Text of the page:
The Romet/Lemonne/Jégou team recently published in Physical review :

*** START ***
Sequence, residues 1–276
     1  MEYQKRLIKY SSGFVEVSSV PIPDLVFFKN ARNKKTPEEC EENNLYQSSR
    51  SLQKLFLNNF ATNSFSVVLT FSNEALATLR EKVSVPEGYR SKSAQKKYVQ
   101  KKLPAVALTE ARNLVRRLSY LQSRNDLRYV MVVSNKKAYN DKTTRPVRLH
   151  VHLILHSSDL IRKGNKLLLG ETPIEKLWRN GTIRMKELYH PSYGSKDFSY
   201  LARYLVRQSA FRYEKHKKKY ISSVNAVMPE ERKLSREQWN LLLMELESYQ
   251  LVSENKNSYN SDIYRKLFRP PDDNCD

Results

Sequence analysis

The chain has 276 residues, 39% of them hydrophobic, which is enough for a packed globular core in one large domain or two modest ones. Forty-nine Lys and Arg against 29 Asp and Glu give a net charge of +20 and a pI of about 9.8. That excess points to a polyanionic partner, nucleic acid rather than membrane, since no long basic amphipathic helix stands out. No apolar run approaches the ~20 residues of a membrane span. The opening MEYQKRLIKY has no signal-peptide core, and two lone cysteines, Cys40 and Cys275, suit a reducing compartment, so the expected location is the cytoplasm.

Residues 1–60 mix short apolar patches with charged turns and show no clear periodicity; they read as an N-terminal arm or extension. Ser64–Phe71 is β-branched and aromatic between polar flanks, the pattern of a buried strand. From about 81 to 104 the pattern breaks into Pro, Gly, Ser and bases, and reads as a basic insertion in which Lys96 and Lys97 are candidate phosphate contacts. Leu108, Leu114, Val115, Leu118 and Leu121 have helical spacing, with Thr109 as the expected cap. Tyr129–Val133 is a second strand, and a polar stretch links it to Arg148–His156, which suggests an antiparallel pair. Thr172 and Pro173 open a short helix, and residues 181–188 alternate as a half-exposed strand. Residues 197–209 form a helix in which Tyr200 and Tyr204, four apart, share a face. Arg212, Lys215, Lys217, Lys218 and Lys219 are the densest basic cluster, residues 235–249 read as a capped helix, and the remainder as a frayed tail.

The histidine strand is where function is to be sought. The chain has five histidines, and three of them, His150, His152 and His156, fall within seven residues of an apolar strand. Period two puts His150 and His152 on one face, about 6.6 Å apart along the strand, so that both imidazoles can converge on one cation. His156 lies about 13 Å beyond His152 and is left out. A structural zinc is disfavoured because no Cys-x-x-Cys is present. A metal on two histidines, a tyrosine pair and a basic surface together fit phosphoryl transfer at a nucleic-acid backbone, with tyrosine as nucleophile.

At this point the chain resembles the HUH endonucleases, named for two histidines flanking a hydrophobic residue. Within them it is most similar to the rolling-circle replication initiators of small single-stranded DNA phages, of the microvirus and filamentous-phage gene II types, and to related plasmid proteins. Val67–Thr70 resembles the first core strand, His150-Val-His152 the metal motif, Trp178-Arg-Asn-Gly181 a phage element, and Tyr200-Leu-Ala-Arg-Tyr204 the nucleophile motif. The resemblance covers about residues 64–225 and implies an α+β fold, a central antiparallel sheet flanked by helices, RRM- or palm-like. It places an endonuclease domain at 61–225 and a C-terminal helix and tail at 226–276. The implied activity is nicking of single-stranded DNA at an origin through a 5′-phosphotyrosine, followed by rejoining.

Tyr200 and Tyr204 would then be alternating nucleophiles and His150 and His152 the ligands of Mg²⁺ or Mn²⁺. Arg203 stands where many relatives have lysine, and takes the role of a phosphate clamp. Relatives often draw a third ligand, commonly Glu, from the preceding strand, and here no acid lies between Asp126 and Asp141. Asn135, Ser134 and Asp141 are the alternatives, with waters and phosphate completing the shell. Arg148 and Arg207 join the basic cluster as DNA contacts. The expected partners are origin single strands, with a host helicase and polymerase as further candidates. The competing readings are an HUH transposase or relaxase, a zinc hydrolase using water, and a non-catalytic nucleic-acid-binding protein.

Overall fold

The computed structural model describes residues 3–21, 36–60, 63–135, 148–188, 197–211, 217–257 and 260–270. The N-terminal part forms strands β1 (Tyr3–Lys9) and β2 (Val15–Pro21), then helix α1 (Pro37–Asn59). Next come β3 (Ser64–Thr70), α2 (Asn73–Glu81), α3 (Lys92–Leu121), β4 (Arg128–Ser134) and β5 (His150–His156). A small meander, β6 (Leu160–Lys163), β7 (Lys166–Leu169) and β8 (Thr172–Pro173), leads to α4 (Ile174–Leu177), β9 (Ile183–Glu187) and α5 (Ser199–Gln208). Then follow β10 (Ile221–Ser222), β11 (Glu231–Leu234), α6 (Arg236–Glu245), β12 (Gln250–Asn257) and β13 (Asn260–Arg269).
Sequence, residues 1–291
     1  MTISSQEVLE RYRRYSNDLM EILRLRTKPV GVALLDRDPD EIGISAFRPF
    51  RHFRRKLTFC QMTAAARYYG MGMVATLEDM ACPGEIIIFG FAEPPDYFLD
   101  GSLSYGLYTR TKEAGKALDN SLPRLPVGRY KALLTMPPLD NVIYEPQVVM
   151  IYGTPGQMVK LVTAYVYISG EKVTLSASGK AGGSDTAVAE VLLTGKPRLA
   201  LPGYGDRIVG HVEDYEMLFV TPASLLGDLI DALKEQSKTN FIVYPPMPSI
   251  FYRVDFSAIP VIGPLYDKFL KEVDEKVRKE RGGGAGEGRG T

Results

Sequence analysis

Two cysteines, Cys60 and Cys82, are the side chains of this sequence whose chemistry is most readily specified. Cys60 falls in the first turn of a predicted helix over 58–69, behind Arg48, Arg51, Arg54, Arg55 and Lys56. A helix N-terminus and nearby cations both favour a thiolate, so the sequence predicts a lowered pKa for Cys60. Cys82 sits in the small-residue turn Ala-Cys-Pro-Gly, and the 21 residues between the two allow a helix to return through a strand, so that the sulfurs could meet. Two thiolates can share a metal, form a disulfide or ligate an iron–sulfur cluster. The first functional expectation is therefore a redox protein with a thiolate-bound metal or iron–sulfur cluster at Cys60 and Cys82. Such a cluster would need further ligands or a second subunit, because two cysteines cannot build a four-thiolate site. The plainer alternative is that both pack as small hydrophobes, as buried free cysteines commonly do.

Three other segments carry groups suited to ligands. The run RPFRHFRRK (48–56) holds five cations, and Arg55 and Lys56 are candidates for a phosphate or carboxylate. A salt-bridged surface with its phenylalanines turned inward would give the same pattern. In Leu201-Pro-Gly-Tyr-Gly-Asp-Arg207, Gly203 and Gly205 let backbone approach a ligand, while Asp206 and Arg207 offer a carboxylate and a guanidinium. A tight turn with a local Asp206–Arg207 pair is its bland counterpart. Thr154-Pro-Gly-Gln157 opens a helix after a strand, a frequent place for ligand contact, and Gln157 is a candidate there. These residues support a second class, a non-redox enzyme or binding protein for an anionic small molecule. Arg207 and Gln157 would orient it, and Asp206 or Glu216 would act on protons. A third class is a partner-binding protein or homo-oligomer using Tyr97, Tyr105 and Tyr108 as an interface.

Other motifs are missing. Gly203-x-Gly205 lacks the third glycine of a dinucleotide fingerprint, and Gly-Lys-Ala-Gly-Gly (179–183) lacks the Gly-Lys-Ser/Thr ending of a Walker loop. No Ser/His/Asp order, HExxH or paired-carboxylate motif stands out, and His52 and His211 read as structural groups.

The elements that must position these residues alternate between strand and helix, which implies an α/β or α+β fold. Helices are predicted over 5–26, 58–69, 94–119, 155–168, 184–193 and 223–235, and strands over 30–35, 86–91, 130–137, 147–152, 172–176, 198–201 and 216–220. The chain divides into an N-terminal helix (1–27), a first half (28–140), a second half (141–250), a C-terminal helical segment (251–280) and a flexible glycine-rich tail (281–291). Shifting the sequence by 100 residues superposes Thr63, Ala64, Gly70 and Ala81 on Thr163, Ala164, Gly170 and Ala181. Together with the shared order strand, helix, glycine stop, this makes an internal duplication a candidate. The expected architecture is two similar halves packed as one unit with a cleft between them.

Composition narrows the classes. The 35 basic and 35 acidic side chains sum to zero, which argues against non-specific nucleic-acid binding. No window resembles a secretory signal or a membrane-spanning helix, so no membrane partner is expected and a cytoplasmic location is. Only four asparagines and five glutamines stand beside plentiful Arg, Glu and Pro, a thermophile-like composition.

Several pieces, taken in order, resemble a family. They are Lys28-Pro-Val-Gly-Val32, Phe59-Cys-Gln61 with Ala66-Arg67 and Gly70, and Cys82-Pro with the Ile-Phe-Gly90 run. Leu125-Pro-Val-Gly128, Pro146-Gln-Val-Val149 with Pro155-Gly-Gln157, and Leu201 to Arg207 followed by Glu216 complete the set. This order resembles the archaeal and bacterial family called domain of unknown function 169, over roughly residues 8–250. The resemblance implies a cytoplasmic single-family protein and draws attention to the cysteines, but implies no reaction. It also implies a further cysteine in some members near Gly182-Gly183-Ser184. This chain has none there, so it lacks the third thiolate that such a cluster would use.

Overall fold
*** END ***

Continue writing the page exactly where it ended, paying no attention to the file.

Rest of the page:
Intermediate filaments form an essential structural network, spread throughout the cytoplasm, and play a key role in cell mechanics, intracellular organization, and molecular signaling. The maintenance of the network and its adaptation to the cell’s dynamic behavior relies on several mechanisms implicating cytoskeletal crosstalk which are not fully understood. Mathematical modeling allows us to compare several biologically realistic scenarios to help us interpret experimental data. In this study we observe and model the dynamics of the vimentin intermediate filaments in single glial cells seeded on circular micropatterns following microtubule disruption by nocodazole treatment. In these conditions, the vimentin filaments move towards the cell center and accumulate before eventually reaching a steady state. In the absence of microtubule-driven transport, the motion of the vimentin network is primarily driven by actin-related mechanisms. To model these experimental findings, we hypothesize that vimentin may exist in two states, mobile and immobile, and switch between the states at unknown (either constant or nonconstant) rates. Mobile vimentin is assumed to advect with either constant or nonconstant velocity. We introduce several biologically realistic scenarios using this set of assumptions. For each scenario, we use differential evolution to find the best parameter sets resulting in a solution that most closely matches the experimental data and then the assumptions are evaluated using the Akaike information criterion. This modeling approach allows us to conclude that our experimental data are best explained by a spatially dependent trapping of intermediate filaments or a spatially dependent speed of actin-dependent transport.